So, you need to tell air traffic control how much fuel you have left. The readout for this is on the bottom right of a screen in the centre of the control panel.
8. CONTROL AUTO PILOT
Next, you need to bring the plane down to an approach altitude using the top panel – the mode control panel – that controls the autopilot.
9. START DESCENDING
Changing altitude can be done just by turning this small knob
Here Petter turns the ‘altitude window’ down to 3,000ft using a knob beneath the readout.
To tell the aircraft to descend, you press the ‘LVL CHG’ [level change] button.
The aircraft will now reduce thrust and descend.
10. CONTROL TURN
Petter demonstrates how to change the heading of the aircraft. To the left is the speed readout in knots
Next – you’ll need to turn the aircraft using the knob under the word ‘heading’ to whatever heading air traffic control asks for. In Petter’s scenario it’s ‘270’.
After inputting this, press the ‘HDG SEL’ [heading select] button beneath it.
11. CONTROL SPEED
Make sure now that you have an ‘indicated airspeed’ and not a speed shown as a ‘mach number’ [mach 1.0 would be supersonic] in the window that says ‘IAS/MACH’, as this will make things easier later on. To change it, turn the C/O [change over] button.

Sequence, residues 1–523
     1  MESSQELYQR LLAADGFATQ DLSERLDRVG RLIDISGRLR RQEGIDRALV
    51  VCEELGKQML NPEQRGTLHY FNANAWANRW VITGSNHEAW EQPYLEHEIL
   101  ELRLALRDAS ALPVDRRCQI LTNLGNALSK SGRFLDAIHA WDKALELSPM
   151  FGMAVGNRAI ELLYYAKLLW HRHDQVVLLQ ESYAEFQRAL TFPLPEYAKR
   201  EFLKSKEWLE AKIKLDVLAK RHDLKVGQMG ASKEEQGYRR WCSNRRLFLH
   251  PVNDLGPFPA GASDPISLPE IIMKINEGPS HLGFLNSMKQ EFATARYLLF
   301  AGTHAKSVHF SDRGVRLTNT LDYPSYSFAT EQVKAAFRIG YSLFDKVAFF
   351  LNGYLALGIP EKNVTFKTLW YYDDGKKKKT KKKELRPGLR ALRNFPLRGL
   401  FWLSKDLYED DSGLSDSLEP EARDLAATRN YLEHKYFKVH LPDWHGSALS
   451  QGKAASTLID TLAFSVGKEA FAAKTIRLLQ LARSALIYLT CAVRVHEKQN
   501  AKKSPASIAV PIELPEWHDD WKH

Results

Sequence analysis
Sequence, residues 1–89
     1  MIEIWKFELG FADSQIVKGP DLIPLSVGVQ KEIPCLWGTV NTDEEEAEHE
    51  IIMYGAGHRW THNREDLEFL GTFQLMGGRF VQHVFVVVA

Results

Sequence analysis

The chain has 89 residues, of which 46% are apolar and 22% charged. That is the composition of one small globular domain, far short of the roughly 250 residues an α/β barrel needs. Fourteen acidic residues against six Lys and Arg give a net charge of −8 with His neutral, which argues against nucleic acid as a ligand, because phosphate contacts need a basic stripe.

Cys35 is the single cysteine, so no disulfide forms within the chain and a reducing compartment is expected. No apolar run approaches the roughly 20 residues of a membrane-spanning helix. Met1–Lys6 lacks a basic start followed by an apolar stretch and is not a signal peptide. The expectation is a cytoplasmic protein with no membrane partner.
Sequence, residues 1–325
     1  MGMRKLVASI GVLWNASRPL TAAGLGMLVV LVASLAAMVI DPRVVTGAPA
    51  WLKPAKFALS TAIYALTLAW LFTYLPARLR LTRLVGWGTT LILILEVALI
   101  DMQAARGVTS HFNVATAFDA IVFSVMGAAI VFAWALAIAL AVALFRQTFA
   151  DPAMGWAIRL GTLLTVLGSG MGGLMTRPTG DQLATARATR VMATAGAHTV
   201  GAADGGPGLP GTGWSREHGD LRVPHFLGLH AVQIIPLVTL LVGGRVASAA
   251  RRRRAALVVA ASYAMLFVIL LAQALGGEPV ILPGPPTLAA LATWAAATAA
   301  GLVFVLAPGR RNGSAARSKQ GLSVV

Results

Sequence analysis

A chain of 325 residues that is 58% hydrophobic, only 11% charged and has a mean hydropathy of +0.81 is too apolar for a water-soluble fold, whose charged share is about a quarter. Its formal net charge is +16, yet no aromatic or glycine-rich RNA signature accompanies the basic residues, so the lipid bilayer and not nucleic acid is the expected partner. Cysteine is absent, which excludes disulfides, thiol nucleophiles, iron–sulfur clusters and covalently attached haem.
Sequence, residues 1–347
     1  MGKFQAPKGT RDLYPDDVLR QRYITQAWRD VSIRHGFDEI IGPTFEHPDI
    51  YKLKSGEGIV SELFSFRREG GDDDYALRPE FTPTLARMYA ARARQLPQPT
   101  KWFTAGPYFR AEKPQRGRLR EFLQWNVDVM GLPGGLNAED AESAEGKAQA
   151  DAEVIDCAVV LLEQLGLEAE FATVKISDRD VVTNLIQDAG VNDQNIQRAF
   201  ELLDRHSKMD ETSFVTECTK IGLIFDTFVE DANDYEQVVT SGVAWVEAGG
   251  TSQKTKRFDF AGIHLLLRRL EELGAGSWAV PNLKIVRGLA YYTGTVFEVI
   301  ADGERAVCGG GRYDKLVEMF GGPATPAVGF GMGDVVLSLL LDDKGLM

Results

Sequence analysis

12. SET YOUR SEAT
Next – make sure you can comfortably reach the rudder pedals by moving the seat using a lever marked with the letter H to your left. You’ll need the rudder pedals to steer the aircraft on the runway.
And now put your seat belt on.
13. CHECK YOUR INSTRUMENTS
If air traffic control asks for your speed and altitude look at the two screens right in front of you, one of which displays a map, the other the horizon. Don’t touch the ‘yoke’, as that might disconnect the autopilot.
14. AUTOLAND SET-UP
Air traffic control will ask you to set the course using knobs on the mode control panel
Next – set up the radios to do an ‘autoland’. You need to set up two frequencies and two courses.
For the frequencies go down to the centre pedestal again, find the box with two windows marked ‘active’ and ‘standby’ that flank a button marked ‘TFR’.
In this scenario air traffic control is asking for 110.5 in this box and on the identical box on the other side of the panel. Push the TFR [transfer] button to make the autoland frequency active.
Next – set the course. Go back to the mode control panel in front of you. Air traffic control will ask you to set the course using the knobs on the right and left under the windows labelled ‘course’.
In this scenario they’re set to ‘223’.
15. SLOW DOWN
The aircraft is now set up and we’re down to 3,000ft. But we’re going too fast – 286 knots (329mph).